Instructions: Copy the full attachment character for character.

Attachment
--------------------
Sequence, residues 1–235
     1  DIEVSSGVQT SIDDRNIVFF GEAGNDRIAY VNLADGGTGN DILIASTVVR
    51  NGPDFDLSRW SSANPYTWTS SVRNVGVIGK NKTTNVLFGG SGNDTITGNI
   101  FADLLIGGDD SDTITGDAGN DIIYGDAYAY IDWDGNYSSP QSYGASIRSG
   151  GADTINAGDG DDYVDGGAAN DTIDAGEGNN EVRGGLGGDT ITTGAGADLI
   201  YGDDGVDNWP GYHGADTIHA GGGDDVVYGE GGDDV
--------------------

Sequence, residues 1–235
     1  DIEVSSGVQT SIDDRNIVFF GEAGNDRIAY VNLADGGTGN DILIASTVVR
    51  NGPDFDLSRW SSANPYTWTS SVRNVGVIGK NKTTNVLFGG SGNDTITGNI
   101  FADLLIGGDD SDTITGDAGN DIIYGDAYAY IDWDGNYSSP QSYGASIRSG
   151  GADTINAGDG DDYVDGGAAN DTIDAGEGNN EVRGGLGGDT ITTGAGADLI
   201  YGDDGVDNWP GYHGADTIHA GGGDDVVYGE GGDDV